ABSTRACT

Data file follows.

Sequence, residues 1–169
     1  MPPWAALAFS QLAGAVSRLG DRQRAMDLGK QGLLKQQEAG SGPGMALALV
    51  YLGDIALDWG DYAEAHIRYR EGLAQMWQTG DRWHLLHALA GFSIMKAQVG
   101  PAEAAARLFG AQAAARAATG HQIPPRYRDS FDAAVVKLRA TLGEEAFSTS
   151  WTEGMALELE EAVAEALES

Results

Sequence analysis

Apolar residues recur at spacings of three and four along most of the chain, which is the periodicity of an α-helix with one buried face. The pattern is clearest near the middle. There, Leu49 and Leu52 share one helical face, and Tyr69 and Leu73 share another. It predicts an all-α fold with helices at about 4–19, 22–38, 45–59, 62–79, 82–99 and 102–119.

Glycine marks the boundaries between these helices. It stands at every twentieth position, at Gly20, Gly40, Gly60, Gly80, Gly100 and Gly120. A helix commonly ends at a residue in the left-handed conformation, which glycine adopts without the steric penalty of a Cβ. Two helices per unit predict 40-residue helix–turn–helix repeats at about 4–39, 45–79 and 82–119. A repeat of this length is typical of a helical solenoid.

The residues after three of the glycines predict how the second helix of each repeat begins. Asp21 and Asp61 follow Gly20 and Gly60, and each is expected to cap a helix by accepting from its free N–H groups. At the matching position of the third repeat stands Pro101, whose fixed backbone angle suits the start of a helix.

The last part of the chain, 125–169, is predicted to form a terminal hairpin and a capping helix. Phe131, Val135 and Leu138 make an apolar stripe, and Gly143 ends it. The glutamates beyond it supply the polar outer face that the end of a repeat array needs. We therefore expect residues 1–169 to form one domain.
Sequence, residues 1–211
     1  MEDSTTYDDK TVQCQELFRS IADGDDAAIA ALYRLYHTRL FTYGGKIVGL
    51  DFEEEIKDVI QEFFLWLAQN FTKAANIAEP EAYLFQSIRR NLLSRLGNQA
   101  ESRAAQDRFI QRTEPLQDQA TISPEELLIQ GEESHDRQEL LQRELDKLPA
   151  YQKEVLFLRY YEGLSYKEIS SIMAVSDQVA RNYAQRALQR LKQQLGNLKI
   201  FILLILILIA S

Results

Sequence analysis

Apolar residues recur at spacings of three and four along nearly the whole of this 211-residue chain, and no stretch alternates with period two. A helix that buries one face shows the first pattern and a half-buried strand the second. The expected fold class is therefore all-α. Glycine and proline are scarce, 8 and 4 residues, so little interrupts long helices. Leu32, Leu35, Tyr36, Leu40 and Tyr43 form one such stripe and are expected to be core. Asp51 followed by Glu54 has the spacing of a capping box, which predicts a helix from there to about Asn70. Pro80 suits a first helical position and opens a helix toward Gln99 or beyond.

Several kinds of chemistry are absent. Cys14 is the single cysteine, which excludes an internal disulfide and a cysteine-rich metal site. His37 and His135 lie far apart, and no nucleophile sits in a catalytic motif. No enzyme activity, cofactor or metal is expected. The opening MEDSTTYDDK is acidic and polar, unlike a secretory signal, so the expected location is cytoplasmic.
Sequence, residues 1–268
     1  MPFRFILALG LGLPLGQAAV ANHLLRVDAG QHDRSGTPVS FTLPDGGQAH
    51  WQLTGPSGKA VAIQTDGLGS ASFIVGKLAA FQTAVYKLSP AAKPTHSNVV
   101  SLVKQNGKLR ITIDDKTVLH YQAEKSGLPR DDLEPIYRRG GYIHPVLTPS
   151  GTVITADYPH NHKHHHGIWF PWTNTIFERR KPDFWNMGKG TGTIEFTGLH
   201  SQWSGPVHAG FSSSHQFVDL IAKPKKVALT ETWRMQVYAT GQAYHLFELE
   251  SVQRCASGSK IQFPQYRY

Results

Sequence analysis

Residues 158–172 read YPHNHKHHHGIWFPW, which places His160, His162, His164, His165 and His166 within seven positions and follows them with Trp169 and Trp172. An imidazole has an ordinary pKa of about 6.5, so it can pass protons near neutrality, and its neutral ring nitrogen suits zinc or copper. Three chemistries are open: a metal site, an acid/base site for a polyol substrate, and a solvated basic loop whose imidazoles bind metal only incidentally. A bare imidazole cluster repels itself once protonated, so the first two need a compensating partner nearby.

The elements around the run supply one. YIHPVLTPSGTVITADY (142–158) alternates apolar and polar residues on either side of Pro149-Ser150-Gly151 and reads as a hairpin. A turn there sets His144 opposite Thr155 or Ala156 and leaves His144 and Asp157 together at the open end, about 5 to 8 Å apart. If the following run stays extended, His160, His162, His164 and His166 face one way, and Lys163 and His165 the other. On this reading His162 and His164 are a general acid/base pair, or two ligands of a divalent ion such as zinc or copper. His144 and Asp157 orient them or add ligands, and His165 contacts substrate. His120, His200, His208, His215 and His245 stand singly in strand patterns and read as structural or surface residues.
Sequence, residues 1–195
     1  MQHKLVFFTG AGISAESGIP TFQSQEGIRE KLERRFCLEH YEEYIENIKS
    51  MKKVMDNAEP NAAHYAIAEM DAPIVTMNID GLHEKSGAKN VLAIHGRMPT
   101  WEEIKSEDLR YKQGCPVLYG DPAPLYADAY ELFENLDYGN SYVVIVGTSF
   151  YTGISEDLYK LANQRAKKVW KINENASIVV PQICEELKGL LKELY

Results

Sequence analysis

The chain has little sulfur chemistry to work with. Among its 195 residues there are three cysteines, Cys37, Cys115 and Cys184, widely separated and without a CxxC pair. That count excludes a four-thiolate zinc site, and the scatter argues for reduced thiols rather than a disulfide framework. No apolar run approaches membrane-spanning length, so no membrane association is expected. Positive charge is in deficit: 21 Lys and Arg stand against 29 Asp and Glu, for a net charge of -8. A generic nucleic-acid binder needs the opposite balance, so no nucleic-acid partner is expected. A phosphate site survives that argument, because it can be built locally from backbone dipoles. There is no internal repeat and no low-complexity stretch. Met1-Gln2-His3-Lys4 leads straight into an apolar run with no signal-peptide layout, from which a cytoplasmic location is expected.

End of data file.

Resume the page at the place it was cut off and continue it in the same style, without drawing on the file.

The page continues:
Hosts that overlap geographically, are less phylogenetically divergent, and/or share similar ecological conditions (e.g., climate, habitat type) are also likely to share parasites. Here we assessed the ectoparasite communities sustained by 3 solitary species of Bathyergidae (Georychus capensis, Bathyergus suillus, and Bathyergus janetta) as well as the endoparasites exploiting G. capensis and compared them with those reported in the literature for other sympatric and parapatric African mole-rat species. In addition to 1 nematode (Trichuris sp.) and 1 symbiotic ciliate (Meistoma georychi), we collected mites of the genera Androlaelaps and Bathyergolichus as well as unidentified trombiculids from these hosts. Host specificity was high at either the species, genus, or family level for Androlaelaps spp. and Bathyergolichus spp. irrespective of geographic proximity, host phylogeny, or ecological conditions. Host sharing was more limited for helminths but observed among sympatric host species. Our results suggest that ecological similarity and geographic proximity may be more important determinants of host sharing than phylogeny within Bathyergidae.

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